There are more exciting things coming in the next weeks. Stay posted.

More Errors in SEC Filings

I have been pounding on the XBRL data as we intend to make some subset of this available. One of the issues that is particularly important to me is to improve the way we make metadata available to you to organize your search. I don’t want to get bogged down in a deep discussion about our plans at this moment, I would just like to observe that we for sure want the Document and Entity Information (DEI) at your fingertips so you can better manage your search.

I created two datasets, one has all of the DEI numeric data and another has all of the text data. We knew some of the numeric values had errors. For example, did you know that EBay once reported that their public float was $ 31,354,367,947,000,000,000! Anyway, I was playing with the dataset in an SQLITE browser tool and decided to test filter on setting ICFR flag to false and the EntityFilerCategory type to LARGE ACCELERATED FILER. I expected none or just a few. Instead, the database returned 97 entities where the DEI table indicated that the entity was a LARGE ACCELERATED FILER and the IcfrAuditorAttestationFlag is set to false. Because it is a requirement that LAF have an audit of their internal controls I thought this was curious. Here is an image of part of that query.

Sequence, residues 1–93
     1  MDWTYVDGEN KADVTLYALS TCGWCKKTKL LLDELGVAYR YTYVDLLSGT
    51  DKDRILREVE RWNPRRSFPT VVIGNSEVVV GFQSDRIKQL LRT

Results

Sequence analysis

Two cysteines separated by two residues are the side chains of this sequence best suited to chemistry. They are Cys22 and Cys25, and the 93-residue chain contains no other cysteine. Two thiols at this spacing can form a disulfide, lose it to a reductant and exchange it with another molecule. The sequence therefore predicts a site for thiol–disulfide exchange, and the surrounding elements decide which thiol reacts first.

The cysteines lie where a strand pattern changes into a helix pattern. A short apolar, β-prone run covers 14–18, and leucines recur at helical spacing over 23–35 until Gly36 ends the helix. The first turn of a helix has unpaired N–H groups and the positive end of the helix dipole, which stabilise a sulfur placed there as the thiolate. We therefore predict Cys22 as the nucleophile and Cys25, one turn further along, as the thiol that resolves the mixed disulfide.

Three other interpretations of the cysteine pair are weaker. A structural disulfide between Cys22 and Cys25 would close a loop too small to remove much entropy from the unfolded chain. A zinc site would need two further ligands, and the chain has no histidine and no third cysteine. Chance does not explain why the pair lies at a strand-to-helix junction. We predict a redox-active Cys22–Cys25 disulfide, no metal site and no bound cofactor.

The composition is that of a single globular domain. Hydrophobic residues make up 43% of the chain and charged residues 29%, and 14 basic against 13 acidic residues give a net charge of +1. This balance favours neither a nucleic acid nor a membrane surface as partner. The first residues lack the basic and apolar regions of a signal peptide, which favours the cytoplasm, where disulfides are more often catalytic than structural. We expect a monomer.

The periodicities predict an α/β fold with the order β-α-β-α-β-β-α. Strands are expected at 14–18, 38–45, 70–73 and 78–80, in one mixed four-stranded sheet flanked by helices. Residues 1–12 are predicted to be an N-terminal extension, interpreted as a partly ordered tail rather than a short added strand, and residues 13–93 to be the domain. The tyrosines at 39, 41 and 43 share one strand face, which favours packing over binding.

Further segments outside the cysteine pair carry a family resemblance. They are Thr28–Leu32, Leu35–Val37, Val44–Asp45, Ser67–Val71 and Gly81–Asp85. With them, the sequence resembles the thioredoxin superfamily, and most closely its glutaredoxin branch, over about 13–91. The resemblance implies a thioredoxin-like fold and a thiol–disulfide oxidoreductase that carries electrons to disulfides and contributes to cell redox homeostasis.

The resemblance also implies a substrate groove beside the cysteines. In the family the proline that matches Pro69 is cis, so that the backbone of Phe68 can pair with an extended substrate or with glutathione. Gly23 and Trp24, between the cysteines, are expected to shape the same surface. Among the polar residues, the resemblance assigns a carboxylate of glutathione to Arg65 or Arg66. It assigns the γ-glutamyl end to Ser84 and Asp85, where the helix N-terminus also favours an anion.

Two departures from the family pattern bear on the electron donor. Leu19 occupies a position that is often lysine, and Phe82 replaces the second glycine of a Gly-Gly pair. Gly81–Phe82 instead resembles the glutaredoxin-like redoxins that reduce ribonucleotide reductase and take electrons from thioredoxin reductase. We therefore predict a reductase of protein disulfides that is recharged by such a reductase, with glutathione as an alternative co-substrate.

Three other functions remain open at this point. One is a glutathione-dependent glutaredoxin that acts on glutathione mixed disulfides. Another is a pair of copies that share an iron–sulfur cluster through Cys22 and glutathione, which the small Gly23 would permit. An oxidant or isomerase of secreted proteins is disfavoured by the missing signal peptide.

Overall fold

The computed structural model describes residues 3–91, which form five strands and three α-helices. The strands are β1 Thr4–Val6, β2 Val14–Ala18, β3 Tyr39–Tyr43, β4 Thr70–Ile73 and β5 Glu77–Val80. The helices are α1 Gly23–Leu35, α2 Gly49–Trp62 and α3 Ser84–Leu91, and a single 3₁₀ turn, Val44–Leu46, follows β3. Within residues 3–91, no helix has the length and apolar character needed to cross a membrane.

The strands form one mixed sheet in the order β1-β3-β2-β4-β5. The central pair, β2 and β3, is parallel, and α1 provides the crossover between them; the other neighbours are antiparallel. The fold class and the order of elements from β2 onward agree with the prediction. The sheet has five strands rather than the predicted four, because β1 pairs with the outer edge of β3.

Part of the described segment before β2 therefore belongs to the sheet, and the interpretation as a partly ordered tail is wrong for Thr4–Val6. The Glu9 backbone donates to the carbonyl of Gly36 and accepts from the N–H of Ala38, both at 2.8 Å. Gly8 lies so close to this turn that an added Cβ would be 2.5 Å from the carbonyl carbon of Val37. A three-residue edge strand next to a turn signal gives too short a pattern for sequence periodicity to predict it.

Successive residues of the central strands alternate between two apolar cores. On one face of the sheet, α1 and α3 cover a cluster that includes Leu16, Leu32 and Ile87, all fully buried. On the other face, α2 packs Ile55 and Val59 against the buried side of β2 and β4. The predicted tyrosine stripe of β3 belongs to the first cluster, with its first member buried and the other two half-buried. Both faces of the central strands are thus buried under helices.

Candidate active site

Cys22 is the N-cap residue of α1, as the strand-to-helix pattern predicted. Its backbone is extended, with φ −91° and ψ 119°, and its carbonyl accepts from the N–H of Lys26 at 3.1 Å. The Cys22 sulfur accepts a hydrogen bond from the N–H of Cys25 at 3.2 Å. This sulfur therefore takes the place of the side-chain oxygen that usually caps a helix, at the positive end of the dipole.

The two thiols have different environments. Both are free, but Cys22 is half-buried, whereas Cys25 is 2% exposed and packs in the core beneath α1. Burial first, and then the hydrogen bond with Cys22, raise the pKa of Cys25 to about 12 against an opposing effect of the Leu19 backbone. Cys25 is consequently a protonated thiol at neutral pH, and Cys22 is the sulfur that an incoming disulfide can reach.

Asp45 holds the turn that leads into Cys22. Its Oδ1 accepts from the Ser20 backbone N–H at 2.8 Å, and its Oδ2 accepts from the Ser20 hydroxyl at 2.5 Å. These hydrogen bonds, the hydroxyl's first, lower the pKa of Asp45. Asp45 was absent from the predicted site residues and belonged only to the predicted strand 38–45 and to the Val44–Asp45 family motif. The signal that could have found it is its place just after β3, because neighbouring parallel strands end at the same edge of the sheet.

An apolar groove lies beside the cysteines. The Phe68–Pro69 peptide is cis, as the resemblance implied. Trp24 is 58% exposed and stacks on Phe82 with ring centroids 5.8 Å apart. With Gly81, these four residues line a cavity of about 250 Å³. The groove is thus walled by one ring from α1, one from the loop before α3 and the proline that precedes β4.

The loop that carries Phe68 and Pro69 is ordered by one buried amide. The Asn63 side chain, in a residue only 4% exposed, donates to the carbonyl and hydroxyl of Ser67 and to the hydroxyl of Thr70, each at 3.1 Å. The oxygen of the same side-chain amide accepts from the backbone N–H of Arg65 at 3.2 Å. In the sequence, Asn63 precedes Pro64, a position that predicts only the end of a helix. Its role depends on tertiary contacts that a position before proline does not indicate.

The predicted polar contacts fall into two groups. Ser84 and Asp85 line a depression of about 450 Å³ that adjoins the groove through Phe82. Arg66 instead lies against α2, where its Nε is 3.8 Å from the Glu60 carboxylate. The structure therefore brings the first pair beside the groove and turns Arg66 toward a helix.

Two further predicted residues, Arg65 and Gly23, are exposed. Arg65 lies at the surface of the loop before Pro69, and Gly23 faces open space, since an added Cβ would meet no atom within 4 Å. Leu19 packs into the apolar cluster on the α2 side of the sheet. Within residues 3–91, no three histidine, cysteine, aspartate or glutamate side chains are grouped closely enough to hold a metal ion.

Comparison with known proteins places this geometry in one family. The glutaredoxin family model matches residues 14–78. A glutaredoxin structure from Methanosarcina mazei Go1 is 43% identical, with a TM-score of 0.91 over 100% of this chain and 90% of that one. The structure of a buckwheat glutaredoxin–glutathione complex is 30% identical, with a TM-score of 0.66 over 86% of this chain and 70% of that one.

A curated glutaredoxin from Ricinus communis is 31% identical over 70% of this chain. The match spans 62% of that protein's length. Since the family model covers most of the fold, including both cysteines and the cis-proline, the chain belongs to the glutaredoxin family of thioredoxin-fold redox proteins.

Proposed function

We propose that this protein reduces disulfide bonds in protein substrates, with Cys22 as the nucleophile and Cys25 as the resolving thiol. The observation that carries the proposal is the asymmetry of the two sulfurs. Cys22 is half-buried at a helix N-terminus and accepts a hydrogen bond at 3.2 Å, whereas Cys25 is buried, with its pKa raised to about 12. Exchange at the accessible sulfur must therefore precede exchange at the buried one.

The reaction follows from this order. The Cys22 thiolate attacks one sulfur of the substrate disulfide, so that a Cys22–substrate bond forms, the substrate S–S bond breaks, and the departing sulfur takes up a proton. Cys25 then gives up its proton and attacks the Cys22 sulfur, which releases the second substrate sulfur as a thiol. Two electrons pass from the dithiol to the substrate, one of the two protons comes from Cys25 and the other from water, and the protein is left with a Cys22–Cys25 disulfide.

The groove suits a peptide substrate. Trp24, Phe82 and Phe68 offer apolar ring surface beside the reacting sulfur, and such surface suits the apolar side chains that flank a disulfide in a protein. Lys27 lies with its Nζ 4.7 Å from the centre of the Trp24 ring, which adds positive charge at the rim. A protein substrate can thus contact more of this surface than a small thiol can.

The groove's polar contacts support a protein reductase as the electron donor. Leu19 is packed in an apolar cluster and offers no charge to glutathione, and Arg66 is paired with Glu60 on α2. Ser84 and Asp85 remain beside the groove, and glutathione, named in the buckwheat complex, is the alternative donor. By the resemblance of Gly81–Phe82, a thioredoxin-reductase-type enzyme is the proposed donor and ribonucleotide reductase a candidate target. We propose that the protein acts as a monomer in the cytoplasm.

I of course am hugely curious about that result. Frankly, my first thought was that another unexpected issue in the source files that I will have to pour through to sort out. The code to manage this process was really tricky because of filer specific idiosyncratic choices. Guess what – most of these were coded wrong, either by an employee of the filer making an error or some hiccup between the filer’s form creation and their EDGAR-IZING software. For example, you can see clearly in this audit report that the auditor issued an unqualified opinion on the Company’s internal control over financial reporting.

Some of the cases the auditor concluded that there were one or more material weaknesses in the internal controls, but my read of the Edgar Filer Manual suggests to me that the flag is to indicate whether or not their was an audit of internal controls, not the results of the audit.